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National Anti-Drug Addiction Day: Gateway to cravings while recovery

National Anti-Drug Addiction Day: Gateway to cravings while recovery

  • September 30, 2019
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Keeping drug cravings under control while you’re in recovery can feel like a daunting or even impossible feat. Even with the strongest motivation to remain sober, a combination of willpower and determination likely won’t be enough to avoid a relapse in the early stages of recovery. Instead, building a strong foundation of guidance and support as well as putting a concrete control plan in place are better defenses.

First and foremost is to understand yourself, recognize that cravings don’t equate to weakness. Substance abuse changes the way neurons trigger in your brain, and once someone becomes reliant upon drugs, their brain is chemically wired to want more. It doesn’t mean they want to return to their substance, but that their body is in a state of withdrawal that comes with unpleasant symptoms.

Cravings can be either physical or mental. Physical cravings often come in the form of shaking, sweating or aching muscles. Mental cravings manifest as an intense desire to want drugs or alcohol and a perceived inability to think about anything else. Mental cravings are often caused by triggers. A trigger might be an old friend who was a frequent drug or alcohol accompaniment, a place that was associated with substance use, an emotional state that led to alcohol or drug consumption or even a smell or taste. Many things can serve as triggers for intense cravings. These cravings, whether physical or mental, can be powerful. That’s why it’s so important for each addict to figure out how to control their specific cravings rather than letting the cravings control them.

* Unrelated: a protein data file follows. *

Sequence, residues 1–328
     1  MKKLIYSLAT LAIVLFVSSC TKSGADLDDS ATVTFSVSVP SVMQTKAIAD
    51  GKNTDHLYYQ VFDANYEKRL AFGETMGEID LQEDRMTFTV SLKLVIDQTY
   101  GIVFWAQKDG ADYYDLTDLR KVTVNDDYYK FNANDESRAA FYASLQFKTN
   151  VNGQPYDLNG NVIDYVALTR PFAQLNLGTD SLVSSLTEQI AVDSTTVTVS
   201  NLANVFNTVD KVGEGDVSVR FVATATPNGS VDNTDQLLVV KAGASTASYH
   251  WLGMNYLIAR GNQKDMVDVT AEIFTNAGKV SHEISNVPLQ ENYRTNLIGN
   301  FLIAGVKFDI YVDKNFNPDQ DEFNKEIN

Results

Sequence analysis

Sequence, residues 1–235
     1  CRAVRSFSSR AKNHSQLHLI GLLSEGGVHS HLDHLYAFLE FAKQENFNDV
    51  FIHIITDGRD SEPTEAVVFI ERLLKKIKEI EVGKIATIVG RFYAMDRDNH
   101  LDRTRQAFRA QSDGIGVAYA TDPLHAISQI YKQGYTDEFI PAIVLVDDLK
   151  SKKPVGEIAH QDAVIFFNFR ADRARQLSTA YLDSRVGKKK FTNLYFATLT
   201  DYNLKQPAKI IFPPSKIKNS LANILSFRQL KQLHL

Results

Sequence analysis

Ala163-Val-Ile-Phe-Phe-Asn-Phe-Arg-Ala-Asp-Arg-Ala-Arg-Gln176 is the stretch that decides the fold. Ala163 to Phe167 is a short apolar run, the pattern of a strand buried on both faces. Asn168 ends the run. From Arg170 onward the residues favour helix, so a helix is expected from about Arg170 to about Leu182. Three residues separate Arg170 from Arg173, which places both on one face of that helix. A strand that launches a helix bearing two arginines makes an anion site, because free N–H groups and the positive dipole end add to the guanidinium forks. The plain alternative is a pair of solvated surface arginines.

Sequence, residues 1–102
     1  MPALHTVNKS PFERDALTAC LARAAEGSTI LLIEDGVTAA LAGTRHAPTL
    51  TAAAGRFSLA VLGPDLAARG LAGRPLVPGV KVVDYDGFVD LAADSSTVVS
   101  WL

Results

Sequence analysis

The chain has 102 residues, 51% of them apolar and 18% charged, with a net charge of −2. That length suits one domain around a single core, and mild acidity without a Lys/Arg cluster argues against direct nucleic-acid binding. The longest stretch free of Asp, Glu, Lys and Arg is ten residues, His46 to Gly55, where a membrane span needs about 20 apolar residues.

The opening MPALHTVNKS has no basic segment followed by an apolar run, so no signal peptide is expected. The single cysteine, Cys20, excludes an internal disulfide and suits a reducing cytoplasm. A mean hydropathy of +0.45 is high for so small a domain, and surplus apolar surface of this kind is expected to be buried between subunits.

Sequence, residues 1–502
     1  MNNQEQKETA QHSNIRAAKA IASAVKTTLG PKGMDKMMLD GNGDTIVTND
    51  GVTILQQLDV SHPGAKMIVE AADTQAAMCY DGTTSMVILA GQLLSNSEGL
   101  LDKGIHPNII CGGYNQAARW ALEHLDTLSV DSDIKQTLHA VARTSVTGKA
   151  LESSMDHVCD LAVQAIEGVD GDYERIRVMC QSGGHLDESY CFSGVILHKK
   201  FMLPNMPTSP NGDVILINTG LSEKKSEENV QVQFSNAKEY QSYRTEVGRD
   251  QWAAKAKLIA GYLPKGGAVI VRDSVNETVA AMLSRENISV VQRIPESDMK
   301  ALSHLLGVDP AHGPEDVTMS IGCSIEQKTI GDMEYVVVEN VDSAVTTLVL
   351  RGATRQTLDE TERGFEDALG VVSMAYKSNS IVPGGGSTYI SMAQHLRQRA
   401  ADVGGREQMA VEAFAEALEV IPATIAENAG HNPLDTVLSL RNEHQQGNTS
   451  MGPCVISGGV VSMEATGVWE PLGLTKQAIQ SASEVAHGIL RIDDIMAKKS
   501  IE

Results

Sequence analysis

Some of the best craving management and relapse prevention activities are to:

Be physical: Exercise can calm the withdrawal symptom that can accompany recovery. With a long list of mental, emotional and physical benefits, exercise is a healthy way to curb the withdrawal symptoms and give you an outlet to keep you from relapsing.

Voice it aloud: When you’re struggling with cravings, lean in to your support system. Vocalizing your struggles will help you pinpoint your triggers and stay accountable to the people who love you.

Meditate: Known as a way to find inner peace and focus, meditation is a wonderful way to soothe yourself during times of craving.

Get creative: Go dancing, break out the canvas, start a new journal or use music as an outlet. Let your creativity lead you and serve as an outlet and distraction in times when the cravings hit.

Take a bath: A warm, aromatic bath can help soothe some of the physical symptoms of craving. If you find your muscles aching or your chest tightening in response to wanting drugs or alcohol, a hot bath can help you unwind and relax until the cravings pass.

Commit to abstinence: Over time, cravings can be reduced as you retrain your brain’s neurons to live without the substance. You may think a one-off drink or occasional drug use is permissible as long as it doesn’t make you slip back into regular usage, but even infrequent use can threaten to trip up your progress.

Avoid your triggers: Once you’ve pinpointed what these triggers are, make a game plan for avoiding them in your life. It may mean moving to a new area, cutting yourself off from certain people or avoiding particular parties or events, but stepping away from these reminders will help you to defuse drug cravings and avoid relapse.

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